Running Time : 90mins + Interval

WRITTEN BY: William Shakespeare
DIRECTED BY: Paul Cullen
LIGHTING DESIGN BY: Brian Nutley
COSTUME DESIGN BY: Ciara Phelan
ASSISTANT DIRECTOR: Ellen Barnes
WARDROBE: Sia McManus
ORIGINAL MUSIC: Darragh Cullen

CAST: Raven Aflakete, Bruna Allen, Ellen Barnes, Laura Bracken, Eoghan Byrne, Mark Byrne, Ally Courtney, Darragh Cullen, Elaine Cullen, Eve Cullen, Paul Cullen, Ronan Cullen, Sarah Farrell, Rachel Fennell, Martha McKinney Perry, Coley McManus, Alan Nolan, Chloe O’Hanlon, Aoife O’Rourke, Ciara Phelan, Karl Timmins


Founded in 1992, Arclight have produced more than 60 plays in Ireland and have also performed internationally. This is their fourth time performing in Smock Alley after previously being here in 2013, 2016 and 2017 with their acclaimed productions of Macbeth, As You Like It and Our Town.

Tickets available at the Smock Alley website.

The Rehearsal, Playing the Dane at the Abbey Theatre now

Abbey Theatre

Pan Pan Theatre

23 – 26 May 2018

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In Pan Pan’s purgatorial presentation of Shakespeare’s classic tragedy, you the audience are faced with a choice: who is going to be, or not to be, Hamlet?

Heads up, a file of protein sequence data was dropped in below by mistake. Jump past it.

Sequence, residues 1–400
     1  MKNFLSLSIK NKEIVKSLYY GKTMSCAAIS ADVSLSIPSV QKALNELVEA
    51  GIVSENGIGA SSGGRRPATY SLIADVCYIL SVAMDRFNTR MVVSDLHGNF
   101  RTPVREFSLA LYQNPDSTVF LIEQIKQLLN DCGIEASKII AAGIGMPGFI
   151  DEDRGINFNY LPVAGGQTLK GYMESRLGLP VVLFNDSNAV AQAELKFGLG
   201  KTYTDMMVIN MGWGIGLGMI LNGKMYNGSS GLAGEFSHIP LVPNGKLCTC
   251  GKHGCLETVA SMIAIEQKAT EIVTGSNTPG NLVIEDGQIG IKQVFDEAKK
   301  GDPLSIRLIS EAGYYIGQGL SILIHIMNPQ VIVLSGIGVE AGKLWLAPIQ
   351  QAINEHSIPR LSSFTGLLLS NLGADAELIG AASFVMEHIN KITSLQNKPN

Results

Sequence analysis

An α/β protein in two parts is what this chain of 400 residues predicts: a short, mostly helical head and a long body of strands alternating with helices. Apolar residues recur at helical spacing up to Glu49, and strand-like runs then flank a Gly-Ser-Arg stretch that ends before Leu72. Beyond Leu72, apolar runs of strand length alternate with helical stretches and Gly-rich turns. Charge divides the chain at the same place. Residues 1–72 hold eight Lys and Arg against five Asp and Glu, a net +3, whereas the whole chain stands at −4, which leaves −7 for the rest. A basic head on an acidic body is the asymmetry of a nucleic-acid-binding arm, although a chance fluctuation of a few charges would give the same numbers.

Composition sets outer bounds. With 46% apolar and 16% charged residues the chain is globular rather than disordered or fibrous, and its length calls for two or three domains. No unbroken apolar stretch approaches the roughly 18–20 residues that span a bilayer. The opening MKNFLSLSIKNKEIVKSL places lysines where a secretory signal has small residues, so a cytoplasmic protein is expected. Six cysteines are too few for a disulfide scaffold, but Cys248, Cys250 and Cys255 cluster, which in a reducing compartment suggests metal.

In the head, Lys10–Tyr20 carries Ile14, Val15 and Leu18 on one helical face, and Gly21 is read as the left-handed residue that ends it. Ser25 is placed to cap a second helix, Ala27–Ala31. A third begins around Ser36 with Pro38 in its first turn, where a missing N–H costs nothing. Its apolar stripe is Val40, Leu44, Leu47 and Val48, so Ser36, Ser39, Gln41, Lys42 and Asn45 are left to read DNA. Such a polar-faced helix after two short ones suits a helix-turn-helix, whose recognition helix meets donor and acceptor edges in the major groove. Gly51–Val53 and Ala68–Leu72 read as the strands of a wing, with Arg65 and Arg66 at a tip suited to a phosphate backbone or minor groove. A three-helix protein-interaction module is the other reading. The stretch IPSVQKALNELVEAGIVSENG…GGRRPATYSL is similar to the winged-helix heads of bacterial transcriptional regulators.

Actors compete to play the title role but as we enter the graveyard world of this icon of individualism can anyone escape playing the Dane? Aren’t we all the main part?

Highly innovative and visually breathtaking, this is an audacious and irreverent riff on Hamlet that does not so much update or deconstruct the play as explode it. Playing fast and loose with our familiarity and expectations, the onstage Director rations out Shakespeare’s text, knowingly excavating its layers in a series of theatrical devices and conceits that focuses the large cast, and the audience, on the existential plight of its characters.

Even the stage is a Hall of Mirrors and the play-within-a-play, enacted by a troupe of Dublin Youth Theatre members, is Hamlet itself.

Dates: 23 – 26 May
On the Abbey Stage

Times: Wed – Sat 7.30pm, Matinee Sat 2pm

Tickets: €13 – €45 / Conc. €13 – €30

Running Time: 2 hours including an interval

Review: Julius Caesar – National Theatre Live

The National Theatre’s Julius Caesar, screened in cinemas around Ireland on March 22nd, opened with the usual live screening announcements. Microphone in hand, the announcer informed us of the running time, advertised upcoming NT events, and cautioned us about the show’s use of strobe lighting. Rather than being bland or routine however, these pronouncements were presented in the manner of a roving reporter caught in the middle of Caesar’s raucous political rally. Standing amongst the audience, and almost drowned out by the rock band playing in the background, the announcer even signed off by declaring that she was “off to join the rabble. Hail Caesar!” With the camera moving amongst the audience, the action seemed immediate and pointedly familiar. From the get go then, this production of Julius Caesar was captivating and creative.